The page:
Voktage across the charger's terminals: 27.9v
Voltage within one second of pulling the trigger and turning the vacuum on: 15v
Yup, that's almost certainly a bad battery cell. Excessive resistance to turning might draw a lot of current and give a similar result but I think you'd be able to tell it was binding, not turning, not sucking, and so on.

You might find that just one of the 6 cells is really bad, and that opens the option to just replace that one. I think that's a temporary kludge but it could work - until it doesn't.
 

Thread Starter

-Ty-

Joined Feb 5, 2017
83
Yup, that's almost certainly a bad battery cell. Excessive resistance to turning might draw a lot of current and give a similar result but I think you'd be able to tell it was binding, not turning, not sucking, and so on.

You might find that just one of the 6 cells is really bad, and that opens the option to just replace that one. I think that's a temporary kludge but it could work - until it doesn't.
Good to know. And given that a new battery is only 32 bucks, I'll just give that a try. Thanks!
 

WBahn

Joined Mar 31, 2012
26,398
Hey all,

So many years ago, my father picked up a Dyson DC16 handheld vacuum, powered by a lithium-ion battery pack.
A significant clue that it is likely the battery is the phrase "many years ago". It's hard to say what the problem was a few months after you bought (if I'm reading correctly and that the problems you describe started very early one). But by this point, many years later, the batteries are probably bad. The symptoms you describe, particularly the immediate drop under load, all point to that.
 

WBahn

Joined Mar 31, 2012
26,398
My wife just bought a small Dyson and cleaning it is a royal pain and you can't do it without pulling out a lot of the crap with your hands. To get it clean enough to not lose most of the suction, you've got to basically disassemble the thing three or four times over the course of vacuuming the house. Given the dog poop and vomit, dead insects, wood bits, glass shards, and all the other stuff that ends up in carpets from time to time, this just doesn't seem a very decent solution.
 

wayneh

Joined Sep 9, 2010
17,155
My wife just bought a small Dyson and cleaning it is a royal pain and you can't do it without pulling out a lot of the crap with your hands. To get it clean enough to not lose most of the suction, you've got to basically disassemble the thing three or four times over the course of vacuuming the house. Given the dog poop and vomit, dead insects, wood bits, glass shards, and all the other stuff that ends up in carpets from time to time, this just doesn't seem a very decent solution.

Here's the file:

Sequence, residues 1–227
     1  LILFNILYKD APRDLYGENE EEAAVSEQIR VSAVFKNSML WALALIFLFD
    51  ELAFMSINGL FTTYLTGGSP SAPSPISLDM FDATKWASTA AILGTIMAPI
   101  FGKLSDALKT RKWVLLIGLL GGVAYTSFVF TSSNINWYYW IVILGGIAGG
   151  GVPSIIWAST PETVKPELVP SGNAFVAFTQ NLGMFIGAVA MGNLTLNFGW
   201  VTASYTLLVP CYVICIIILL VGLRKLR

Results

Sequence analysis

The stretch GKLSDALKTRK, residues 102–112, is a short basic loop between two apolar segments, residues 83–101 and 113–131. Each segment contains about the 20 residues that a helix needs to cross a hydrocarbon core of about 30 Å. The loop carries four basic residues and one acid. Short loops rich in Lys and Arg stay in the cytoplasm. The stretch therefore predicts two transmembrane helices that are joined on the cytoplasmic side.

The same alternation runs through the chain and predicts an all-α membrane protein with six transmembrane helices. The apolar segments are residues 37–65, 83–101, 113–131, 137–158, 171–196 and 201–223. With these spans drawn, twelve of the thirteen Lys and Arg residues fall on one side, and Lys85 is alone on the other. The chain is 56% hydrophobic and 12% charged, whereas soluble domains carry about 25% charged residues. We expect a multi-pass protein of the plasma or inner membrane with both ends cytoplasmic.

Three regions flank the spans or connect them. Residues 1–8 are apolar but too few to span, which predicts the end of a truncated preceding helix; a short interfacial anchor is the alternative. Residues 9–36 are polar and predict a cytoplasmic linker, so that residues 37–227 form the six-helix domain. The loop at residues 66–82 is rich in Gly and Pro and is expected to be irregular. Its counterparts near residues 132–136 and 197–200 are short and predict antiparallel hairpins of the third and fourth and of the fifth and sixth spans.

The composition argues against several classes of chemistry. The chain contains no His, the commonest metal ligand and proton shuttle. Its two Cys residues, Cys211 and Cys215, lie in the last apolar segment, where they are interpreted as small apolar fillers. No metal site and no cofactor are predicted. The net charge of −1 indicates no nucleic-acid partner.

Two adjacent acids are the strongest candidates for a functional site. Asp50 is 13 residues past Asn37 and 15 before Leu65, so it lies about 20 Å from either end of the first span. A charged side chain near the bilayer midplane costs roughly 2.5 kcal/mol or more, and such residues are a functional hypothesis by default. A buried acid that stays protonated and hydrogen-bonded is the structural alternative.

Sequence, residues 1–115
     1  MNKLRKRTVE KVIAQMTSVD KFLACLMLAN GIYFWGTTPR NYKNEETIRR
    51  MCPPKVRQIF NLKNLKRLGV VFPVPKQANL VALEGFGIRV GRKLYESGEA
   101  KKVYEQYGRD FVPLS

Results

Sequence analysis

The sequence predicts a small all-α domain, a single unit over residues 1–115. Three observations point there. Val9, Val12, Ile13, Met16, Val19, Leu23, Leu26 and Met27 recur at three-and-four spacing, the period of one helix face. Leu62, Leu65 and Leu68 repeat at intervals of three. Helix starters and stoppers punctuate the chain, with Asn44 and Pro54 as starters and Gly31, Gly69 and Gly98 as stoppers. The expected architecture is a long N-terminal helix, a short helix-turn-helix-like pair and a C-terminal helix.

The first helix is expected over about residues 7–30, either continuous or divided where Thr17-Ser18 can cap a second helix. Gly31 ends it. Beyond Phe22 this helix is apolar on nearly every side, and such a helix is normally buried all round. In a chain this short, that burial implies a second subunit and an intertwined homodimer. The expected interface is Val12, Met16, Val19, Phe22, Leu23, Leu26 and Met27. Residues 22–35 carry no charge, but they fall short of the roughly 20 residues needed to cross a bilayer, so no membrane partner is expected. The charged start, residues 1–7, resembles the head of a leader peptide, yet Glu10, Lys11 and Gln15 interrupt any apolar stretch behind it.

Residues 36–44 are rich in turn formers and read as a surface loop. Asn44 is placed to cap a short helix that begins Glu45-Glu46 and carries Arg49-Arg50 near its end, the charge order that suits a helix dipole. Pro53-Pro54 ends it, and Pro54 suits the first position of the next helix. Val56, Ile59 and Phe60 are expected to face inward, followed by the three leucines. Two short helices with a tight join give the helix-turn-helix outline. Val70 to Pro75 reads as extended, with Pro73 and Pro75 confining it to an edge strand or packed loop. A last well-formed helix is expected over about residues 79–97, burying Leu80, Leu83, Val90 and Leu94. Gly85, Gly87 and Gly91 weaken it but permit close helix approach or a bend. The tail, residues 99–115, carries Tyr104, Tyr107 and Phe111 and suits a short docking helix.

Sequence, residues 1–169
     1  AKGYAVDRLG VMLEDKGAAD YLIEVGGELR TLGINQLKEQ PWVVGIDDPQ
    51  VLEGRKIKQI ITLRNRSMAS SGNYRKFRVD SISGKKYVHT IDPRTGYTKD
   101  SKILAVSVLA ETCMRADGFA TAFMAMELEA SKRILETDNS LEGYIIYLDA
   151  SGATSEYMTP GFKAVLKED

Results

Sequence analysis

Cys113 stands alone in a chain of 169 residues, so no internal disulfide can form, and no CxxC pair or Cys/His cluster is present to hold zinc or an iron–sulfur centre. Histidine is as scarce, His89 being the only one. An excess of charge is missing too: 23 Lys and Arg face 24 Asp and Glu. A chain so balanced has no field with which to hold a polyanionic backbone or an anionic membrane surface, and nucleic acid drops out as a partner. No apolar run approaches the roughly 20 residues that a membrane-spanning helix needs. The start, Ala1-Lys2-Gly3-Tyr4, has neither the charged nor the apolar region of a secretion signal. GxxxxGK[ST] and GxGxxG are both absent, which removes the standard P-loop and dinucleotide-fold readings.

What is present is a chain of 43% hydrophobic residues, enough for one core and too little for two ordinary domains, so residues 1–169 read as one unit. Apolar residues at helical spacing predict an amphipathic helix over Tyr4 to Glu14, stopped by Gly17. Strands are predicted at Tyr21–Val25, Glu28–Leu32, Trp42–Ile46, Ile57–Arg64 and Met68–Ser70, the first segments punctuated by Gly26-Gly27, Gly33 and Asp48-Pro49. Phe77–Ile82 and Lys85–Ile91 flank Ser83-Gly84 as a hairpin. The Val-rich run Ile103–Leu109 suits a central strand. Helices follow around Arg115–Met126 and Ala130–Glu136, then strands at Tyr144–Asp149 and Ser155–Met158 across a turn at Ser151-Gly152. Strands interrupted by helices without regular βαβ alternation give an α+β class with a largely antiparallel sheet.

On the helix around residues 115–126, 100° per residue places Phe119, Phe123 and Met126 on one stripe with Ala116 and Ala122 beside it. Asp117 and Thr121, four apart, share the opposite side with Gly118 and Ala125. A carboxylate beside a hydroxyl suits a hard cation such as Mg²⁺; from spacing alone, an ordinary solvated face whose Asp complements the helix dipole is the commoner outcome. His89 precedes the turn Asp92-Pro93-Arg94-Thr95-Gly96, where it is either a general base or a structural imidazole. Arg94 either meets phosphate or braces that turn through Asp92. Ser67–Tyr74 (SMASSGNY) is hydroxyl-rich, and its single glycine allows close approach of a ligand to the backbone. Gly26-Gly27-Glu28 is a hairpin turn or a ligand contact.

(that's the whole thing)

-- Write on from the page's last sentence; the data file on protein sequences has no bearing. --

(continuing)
A friend was looking at getting herself a knockoff Dyson, a Shark I think it was. So I went to read reviews and there was pretty good consensus that the knockoff brands work well, until they don't. Once they fail, they're done because you cannot get parts and they're not built to be repaired. Apparently, the Dyson units may or may not last longer before they fail, but if they do fail you can get them fixed. That's nice, but I wasn't convinced that the TCO would be better in the long run. Is an expensive vacuum you own for a lifetime better than a cheap one you buy once a decade? I doubt it, but I'm not certain.
 

WBahn

Joined Mar 31, 2012
26,398
A friend was looking at getting herself a knockoff Dyson, a Shark I think it was. So I went to read reviews and there was pretty good consensus that the knockoff brands work well, until they don't. Once they fail, they're done because you cannot get parts and they're not built to be repaired. Apparently, the Dyson units may or may not last longer before they fail, but if they do fail you can get them fixed. That's nice, but I wasn't convinced that the TCO would be better in the long run. Is an expensive vacuum you own for a lifetime better than a cheap one you buy once a decade? I doubt it, but I'm not certain.
That's a very good question. We've had a number of cheap vacuum cleaners in the last ten years -- maybe five. But a couple were given to us and I don't think we've spend more than $30 on any of them since my wife is a master of the garage and thrift store sales. But with the pet hair problem, they were always clogging. So my wife got fed up and decided that it was worth it if an expensive vacuum cleaner got rid of that aggravation -- and I would have agreed with her had she asked me beforehand. I think she paid $300 for it and it is specifically advertised as being for houses with shedding animals. I'm far from convinced that the aggravation factor has been reduced much at all. Although the Dyson clogs just as quickly, it IS easier to take apart (without tools) to unclog. With a couple of the others it was quite a task to disassemble them enough to clear the clog and it was also evident that they were not intended to be disassemble that way very often since they used self-tapping screws into plastic in some places. They Dyson is also quite a bit lighter than the others and is cordless. So, IF it lasts long enough, it was probably still worth it.